Archive for the ‘Commercial Buildings’ Category

169 Bank Street, New London (1890)

Thursday, January 14th, 2016 Posted in Commercial Buildings, Italianate, New London | No Comments »

169 & 165-167 Bank Street, New London

Next to 165-167 Bank Street (the gray building on the right in the image above) is 169 Bank Street, a brick building on the corner of Bank and Pearl Street. In the mid-nineteenth century this was the site of a market run by Francis Holt. The current building was erected in 1890. It had a store run by W. M Lucy on the first floor with apartments above. The building suffered damage in a fire in 1947.

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Adams and Stone’s Blocks (1894)

Saturday, January 2nd, 2016 Posted in Commercial Buildings, Italianate, Winchester | No Comments »

Adams and Stone's Blocks, Main Street, Winsted

The two adjacent commercial buildings at 420-418 and 424-426 Main Street in Winsted were both built around 1894. The building on the right in the image above (No. 418, Winsted News Co.) was built by Horace O. Adams, who had his construction firm offices on an upper floor and ran a shoe store on the first floor. The building on the left (No. 424, Winsted Pawn & Jewlery) was built by Charles and Lester Stone, house painters, who had their offices in the building. Both buildings also contained residences as well as businesses.

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165-167 Bank Street, New London (1798)

Wednesday, December 23rd, 2015 Posted in Commercial Buildings, Houses, Italianate, New London | No Comments »

165-167 Bank Street, New London

The building at 165-167 Bank Street in New London was built in 1798 as a residence for a Dr. Wolcott. In the 1840s it became the home and office of Dr. Nathaniel Shaw Perkins. Nineteenth-century alterations to the house added Italianate features.

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Jabez Bacon Store (1760)

Tuesday, December 8th, 2015 Posted in Colonial, Commercial Buildings, Woodbury | No Comments »

Jabez Bacon Store

Jabez Bacon was one of the wealthiest merchants in Connecticut in the eighteenth century. On Hollow Road in Woodbury, next to where his grand residence still stands, Bacon constructed a gambrel-roofed store around 1760. In the 1830s the house and store were acquired by Daniel Curtiss, a successful businessman and entrepreneur. The store was converted into residence around 1933 by Hobart Upjohn. Read the rest of this entry »

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Caulkins Garage (1905)

Friday, November 27th, 2015 Posted in Commercial Buildings, Middletown, Romanesque Revival | No Comments »

Caulkins Garage

The building at 489-493 Main Street in Middletown was built in 1905 for the F.L Caulkins Auto Company. Known as the Caulkins Garage, it had an automobile showroom on the first floor with residences above. It was constructed when the company was expanding its automotive business from its quarters across the street, in the 1890 Caulkins & Post Building. The garage building continued to serve its original purpose throughout much of the twentieth century. The building is now home to Luce Restaurant (98 Washington St #1).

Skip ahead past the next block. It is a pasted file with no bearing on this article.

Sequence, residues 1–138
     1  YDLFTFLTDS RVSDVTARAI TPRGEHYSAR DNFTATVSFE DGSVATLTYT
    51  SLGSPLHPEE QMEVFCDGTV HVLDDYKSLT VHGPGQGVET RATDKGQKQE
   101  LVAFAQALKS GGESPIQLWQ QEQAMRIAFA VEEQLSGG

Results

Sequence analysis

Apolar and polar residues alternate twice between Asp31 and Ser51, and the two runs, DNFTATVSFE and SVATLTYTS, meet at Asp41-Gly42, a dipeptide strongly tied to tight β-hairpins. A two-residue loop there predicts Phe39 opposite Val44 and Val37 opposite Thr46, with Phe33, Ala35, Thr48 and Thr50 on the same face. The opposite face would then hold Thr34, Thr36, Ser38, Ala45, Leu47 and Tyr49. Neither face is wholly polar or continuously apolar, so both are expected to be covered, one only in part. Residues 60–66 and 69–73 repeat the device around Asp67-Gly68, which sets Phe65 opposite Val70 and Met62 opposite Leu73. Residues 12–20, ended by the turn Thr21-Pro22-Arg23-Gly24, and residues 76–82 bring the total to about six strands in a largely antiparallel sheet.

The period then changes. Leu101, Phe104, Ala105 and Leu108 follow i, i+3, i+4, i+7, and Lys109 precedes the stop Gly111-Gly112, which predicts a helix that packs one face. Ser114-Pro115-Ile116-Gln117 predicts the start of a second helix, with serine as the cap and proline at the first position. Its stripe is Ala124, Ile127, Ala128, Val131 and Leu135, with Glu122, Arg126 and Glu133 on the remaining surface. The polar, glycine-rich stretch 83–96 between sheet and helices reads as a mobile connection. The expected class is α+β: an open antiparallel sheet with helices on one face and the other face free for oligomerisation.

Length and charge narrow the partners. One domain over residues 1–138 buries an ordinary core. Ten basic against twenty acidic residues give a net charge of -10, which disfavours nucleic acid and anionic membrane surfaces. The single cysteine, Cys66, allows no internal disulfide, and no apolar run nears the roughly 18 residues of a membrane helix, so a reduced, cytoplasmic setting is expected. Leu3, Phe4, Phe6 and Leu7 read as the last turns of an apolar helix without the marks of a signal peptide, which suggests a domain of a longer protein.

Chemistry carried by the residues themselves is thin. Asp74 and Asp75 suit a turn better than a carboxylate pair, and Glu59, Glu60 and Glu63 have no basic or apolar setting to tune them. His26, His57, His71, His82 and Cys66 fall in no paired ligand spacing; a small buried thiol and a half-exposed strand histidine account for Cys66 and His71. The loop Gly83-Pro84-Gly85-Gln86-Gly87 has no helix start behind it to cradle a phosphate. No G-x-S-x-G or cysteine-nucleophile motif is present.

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New Haven Water Company (1903)

Wednesday, November 25th, 2015 Posted in Commercial Buildings, New Haven, Romanesque Revival | No Comments »

New Haven Water Company

The New Haven Water Company was incorporated in 1849 as a private water utility. In 1903, the company erected an office building at 100 Crown Street in New Haven. The brick and brownstone structure was designed by architect Leoni Robinson in the Romanesque Revival style. The interior of the building was renovated by wife-and-husband owners Alex and Alexander Heonis, who opened Capture Salon in 2012.

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837-849 Chapel Street, New Haven (1878; 1882; 1912)

Tuesday, November 10th, 2015 Posted in Commercial Buildings, Italianate, Libraries, New Haven, Queen Anne, Renaissance Revival | 1 Comment »

Chapel Street

Part of a row of historic buildings on Chapel Street in New Haven are two structures with Queen Anne and Eastlake design elements. Located at nos. 841-843 and 845-847, both were built in 1878. They are currently owned by the Young Men’s Institute and the second and third floors at 847 Chapel Street (above no. 845) are the current home of the Institute Library, founded in 1826. Just west is the Optical Building, at 849 Chapel Street, built in 1912 and designed by Leoni Robinson. To the east is the English Building at 837-839 Chapel Street, named for Henry F. English. It was built in 1882, but after a fire a new Renaissance Revival facade by Leoni Robinson was installed in 1898.

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